This rather skewed distribution comes into perspective when we estimate the number of employees by doing some rough calculations with the midpoints of the ranges. Nevertheless, we still see that nearly 50 percent of the employment in IT is generated by companies below the size of 50.

UK IT Employees

In terms of employment, moving people from the public to the private sector; the over 50’s who find it impossible to get interviews or people returning to work after a career break; instead of consigning these people to the career scrap-heap we should be looking at recycling them into our IT sector. We are also told that there is a national IT skills shortage. IT graduates are finding themselves working in supermarkets and not in the supermarket’s IT department either!

This is a situation that UKITA is looking to address with our own Recycle Me! project.

Small does not mean ‘lifestyle’

Many ‘ordinary’ looking businesses around the country are involved in high-value activity that one might not expect.

Examples from the UKITA membership include 3 apparently ‘ordinary’ website development companies in the West Midlands who present themselves to the world as providing standard content-managed websites and ecommerce for local SME businesses. One of them recently did some significant technical work for a dominant search engine company at their offices in Switzerland. Another husband and wife team has just started a contract delivering a year-long business intelligence project for the investment arm of a high street bank. While a rurally-based 5-person business has delivered specialised project collaboration extranets for several international household names in insurance, telecoms and broadcasting. These are 3 companies all innovating and mostly not on the radars of the agencies who would like to find them.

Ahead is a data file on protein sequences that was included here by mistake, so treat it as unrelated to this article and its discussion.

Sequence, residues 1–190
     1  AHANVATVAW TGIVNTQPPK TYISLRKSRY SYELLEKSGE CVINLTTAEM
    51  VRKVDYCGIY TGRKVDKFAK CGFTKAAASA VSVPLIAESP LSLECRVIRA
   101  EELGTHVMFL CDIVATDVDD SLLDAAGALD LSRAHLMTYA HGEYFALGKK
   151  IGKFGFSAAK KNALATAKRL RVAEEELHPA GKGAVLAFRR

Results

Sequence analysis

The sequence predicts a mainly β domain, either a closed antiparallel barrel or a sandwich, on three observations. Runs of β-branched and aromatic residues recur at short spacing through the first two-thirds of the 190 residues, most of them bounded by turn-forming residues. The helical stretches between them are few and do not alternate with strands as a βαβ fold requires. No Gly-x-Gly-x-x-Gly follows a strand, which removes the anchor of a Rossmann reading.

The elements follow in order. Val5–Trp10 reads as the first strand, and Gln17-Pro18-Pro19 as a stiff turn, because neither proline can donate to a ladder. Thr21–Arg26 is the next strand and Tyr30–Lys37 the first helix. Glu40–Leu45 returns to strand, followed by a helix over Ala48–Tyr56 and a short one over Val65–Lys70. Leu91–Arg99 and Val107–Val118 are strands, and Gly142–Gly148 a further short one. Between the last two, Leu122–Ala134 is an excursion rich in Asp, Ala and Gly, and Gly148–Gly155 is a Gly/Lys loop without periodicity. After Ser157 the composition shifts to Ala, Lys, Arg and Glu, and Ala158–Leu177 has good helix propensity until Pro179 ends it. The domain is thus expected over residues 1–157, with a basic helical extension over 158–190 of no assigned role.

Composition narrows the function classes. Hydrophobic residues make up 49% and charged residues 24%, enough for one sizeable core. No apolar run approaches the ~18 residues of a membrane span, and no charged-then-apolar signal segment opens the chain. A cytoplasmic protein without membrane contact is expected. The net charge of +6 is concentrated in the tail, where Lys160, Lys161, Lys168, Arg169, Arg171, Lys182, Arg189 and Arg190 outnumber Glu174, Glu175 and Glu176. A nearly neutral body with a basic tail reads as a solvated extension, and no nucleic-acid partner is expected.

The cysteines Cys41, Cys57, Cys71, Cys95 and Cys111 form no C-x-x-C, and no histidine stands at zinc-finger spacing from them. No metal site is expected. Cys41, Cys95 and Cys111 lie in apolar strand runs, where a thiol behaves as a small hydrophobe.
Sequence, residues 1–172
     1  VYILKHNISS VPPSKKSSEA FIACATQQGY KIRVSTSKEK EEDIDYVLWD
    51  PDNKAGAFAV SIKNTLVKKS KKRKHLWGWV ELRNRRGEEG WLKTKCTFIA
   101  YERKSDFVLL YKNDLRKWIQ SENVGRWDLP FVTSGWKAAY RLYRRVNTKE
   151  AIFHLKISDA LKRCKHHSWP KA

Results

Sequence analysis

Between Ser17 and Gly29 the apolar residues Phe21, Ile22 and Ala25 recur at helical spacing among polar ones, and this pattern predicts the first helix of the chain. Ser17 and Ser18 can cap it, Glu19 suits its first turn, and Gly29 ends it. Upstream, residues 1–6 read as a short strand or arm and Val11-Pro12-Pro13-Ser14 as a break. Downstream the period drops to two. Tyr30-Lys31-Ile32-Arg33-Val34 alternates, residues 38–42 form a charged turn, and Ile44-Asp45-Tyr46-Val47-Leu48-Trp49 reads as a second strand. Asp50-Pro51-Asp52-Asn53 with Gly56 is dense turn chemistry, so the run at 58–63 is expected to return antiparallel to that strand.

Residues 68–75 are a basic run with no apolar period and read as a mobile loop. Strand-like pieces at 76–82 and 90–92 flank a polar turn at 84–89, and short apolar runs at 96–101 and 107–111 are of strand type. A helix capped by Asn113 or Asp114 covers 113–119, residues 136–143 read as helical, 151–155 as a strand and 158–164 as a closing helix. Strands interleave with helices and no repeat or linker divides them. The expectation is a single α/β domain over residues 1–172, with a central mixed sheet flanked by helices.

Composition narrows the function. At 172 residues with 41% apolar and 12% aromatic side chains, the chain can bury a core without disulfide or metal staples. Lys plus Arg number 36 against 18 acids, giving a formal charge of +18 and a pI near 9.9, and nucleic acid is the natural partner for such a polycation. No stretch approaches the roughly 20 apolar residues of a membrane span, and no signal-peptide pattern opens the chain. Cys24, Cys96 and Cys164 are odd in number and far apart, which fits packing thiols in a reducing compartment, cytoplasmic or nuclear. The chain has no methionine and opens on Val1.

What is distinctive is that these companies are most often not funding the R&D and development of their IP through the familiar access to finance routes but by bankrolling their development out of the bread and butter activities.

This may be caused by reluctance to take on the risk of investment and possible diluting of equity and some control or because they simply aren’t aware of what is available out there and how to access it.

Growth and development not synonymous

Often development is not synonymous with growth, which is the favoured metric of improved performance. Growth means employment and as such is highly desirable to policy-makers. Yet if you ask these companies what their priorities are they are more likely to say “sustainable profit margins and new products and markets’ than the simple desire to be bigger. The trend towards looser working structures, collaborations and subcontracting may push commercial space in the IT sector more towards occupying flexible hubs, mobile and home working – the practical and commercial opportunities of this is an area that UKITA’s future workplace project is looking towards.

Putting it all together

Each of the Regional Development Agencies (RDAs) created projects which went a good way to providing a rallying point and a critical mass to attract together those IT businesses in its region who wanted to raise their game and had the time and personnel required to get involved. With the loss of the RDAs much of that will be lost and the RDAs’ critical mass will fragment into Local Enterprise Partnership (LEPs) areas. This represents a problem for the goal of creating a single UK IT ecosystem but it also creates a possibility driven by need in which science parks, incubators, LEPs, local authorities and educational institutions can each play a part.

A major contributing problem is that the off-the-radar IT businesses and those who would like to reach them are insufficiently visible to each other. As a grass-roots IT sector business promotion and collaboration organisation, UKITA is already talking to these ‘lost’ businesses, they are our bread and butter. We are private sector funded from membership fees and subscriptions which makes us very energetic in our mission to engage, talk to and listen to as many of these companies as we can and to find out what their commercial and development needs are.